From: Alton Sartor (email@example.com)
Date: Mon Jul 26 2004 - 07:55:18 MDT
--- fudley <firstname.lastname@example.org> wrote:
> 100 quantum entangled electrons can store more than
> one 2^100 number, it
> can store ALL numbers less than or equal to 2^100,
> and thatís a lot.
> This is assuming the electron can only be in two
> quantum states, and you
> might be able to do better than that.
> John K Clark
This description comes closest to the truth. Quantum
computers are different then normal computers because
their bits can technically exist in both states at
once. For the computer to work, a group of electrons
must be entangled, a situation where all bits involved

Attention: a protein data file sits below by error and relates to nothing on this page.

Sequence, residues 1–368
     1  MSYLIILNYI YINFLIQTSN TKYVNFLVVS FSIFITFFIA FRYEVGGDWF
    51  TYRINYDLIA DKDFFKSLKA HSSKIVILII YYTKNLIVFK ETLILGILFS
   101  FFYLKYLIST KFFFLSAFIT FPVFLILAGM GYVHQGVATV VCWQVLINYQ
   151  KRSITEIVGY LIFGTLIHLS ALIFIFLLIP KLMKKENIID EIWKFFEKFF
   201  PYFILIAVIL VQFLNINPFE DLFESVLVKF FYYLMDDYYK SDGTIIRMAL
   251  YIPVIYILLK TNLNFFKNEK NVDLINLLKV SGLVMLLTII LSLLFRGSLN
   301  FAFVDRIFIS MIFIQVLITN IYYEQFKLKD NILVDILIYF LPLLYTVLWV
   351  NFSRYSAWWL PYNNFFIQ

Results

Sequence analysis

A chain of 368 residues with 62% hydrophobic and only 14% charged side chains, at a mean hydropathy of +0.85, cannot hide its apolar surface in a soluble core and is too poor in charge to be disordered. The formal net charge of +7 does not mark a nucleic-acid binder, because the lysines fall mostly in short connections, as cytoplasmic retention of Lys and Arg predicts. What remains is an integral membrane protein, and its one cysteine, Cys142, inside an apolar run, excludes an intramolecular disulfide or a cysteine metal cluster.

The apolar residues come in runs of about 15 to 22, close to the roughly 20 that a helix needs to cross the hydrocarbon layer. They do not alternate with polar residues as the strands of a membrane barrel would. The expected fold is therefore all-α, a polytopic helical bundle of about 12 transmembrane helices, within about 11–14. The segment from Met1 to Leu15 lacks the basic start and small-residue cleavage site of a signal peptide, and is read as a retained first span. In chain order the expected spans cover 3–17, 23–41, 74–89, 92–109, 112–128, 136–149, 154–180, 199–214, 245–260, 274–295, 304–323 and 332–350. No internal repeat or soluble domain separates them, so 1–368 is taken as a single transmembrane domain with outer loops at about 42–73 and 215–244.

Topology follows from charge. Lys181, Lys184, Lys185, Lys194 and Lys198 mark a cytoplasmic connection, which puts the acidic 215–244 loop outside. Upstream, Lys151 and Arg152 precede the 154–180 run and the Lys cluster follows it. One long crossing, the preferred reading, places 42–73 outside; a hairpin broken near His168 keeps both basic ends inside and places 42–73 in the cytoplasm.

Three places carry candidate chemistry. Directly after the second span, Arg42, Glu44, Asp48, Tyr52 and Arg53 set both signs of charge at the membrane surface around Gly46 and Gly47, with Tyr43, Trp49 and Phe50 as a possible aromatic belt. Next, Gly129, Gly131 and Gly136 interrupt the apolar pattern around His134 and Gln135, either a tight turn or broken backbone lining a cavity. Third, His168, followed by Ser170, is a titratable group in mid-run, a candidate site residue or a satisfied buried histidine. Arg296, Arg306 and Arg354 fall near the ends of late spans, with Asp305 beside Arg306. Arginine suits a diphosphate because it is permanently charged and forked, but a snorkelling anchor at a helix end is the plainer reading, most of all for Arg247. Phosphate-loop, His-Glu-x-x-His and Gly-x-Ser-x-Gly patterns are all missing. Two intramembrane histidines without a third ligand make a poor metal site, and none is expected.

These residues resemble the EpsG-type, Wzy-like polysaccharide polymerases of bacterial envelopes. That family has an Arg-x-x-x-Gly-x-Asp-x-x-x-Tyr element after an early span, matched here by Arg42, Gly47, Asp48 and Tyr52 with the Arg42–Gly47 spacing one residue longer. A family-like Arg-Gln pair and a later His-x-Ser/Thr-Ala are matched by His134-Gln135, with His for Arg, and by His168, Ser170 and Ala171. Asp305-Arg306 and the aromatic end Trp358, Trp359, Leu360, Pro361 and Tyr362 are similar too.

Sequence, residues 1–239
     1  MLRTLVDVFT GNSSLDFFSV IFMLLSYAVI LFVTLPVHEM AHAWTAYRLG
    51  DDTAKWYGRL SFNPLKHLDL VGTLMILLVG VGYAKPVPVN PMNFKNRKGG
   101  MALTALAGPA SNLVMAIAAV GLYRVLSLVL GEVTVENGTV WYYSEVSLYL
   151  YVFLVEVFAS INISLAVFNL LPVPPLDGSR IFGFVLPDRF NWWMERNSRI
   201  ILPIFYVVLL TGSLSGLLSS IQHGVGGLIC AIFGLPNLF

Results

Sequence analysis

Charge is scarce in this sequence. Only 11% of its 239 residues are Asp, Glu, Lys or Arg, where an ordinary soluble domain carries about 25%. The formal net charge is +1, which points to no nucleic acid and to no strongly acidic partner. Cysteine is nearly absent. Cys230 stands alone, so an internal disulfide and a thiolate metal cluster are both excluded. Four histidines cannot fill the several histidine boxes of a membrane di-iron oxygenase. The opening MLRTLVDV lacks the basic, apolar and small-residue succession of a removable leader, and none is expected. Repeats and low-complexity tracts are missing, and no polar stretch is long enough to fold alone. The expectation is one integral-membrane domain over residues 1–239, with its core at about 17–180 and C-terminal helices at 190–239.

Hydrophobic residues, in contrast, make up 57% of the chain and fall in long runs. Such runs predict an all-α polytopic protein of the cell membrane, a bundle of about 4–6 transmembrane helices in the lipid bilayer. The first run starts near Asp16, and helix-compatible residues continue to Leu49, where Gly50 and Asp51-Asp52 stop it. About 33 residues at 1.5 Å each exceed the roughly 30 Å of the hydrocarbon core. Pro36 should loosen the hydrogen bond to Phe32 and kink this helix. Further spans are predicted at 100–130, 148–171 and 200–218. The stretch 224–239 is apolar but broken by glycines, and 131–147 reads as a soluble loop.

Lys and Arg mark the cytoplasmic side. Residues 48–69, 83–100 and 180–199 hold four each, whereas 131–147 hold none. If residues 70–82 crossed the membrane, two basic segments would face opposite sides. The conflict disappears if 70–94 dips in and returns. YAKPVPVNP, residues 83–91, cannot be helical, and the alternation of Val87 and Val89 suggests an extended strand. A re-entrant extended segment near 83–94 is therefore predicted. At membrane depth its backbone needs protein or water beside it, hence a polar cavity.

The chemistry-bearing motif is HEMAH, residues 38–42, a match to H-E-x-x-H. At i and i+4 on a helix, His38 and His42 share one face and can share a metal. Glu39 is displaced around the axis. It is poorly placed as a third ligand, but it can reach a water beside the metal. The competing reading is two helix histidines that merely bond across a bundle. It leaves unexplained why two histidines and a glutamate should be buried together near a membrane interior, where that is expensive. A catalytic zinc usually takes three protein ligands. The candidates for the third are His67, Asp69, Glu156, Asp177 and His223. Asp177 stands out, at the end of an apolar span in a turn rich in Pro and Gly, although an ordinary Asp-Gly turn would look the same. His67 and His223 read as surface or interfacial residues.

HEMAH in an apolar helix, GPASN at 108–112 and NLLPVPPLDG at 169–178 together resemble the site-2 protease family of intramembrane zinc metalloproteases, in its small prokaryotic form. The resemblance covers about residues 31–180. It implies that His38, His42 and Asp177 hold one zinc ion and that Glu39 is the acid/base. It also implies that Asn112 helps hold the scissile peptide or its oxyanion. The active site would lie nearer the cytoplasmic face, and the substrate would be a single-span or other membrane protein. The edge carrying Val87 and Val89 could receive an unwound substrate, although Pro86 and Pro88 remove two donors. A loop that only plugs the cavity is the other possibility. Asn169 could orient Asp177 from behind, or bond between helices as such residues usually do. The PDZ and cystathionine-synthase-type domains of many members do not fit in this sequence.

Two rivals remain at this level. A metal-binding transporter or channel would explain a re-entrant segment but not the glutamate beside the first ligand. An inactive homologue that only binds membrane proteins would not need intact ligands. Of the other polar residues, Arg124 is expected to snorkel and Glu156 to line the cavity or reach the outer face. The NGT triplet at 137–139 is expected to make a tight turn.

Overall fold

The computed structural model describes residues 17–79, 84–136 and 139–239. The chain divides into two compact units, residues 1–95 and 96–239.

are forced into a superposition (. Once in this
state, logical boolean operators (and, or, not) can be
applied the system without breaking the wave function.
In addition to the traditional boolean operators, an
additional operator can be used: sqrt(not). Two
sqrt(not) operations in a row yeild the same
functional output as a single not gate. In
conjunction with the other logical operators, it can
be used to solve certain mathamatical problems that
are extremely difficult for computers today. These
problems include factoring large semiprime numbers
(two large prime numbers multiplied together) used in
many encryption schemes and faster algorithms for
searching largs databases.
If you want to know more, I'd recommend
"The Feynman Processor" by G. J. Milburn
and an overview of logical operators
More coming soon...
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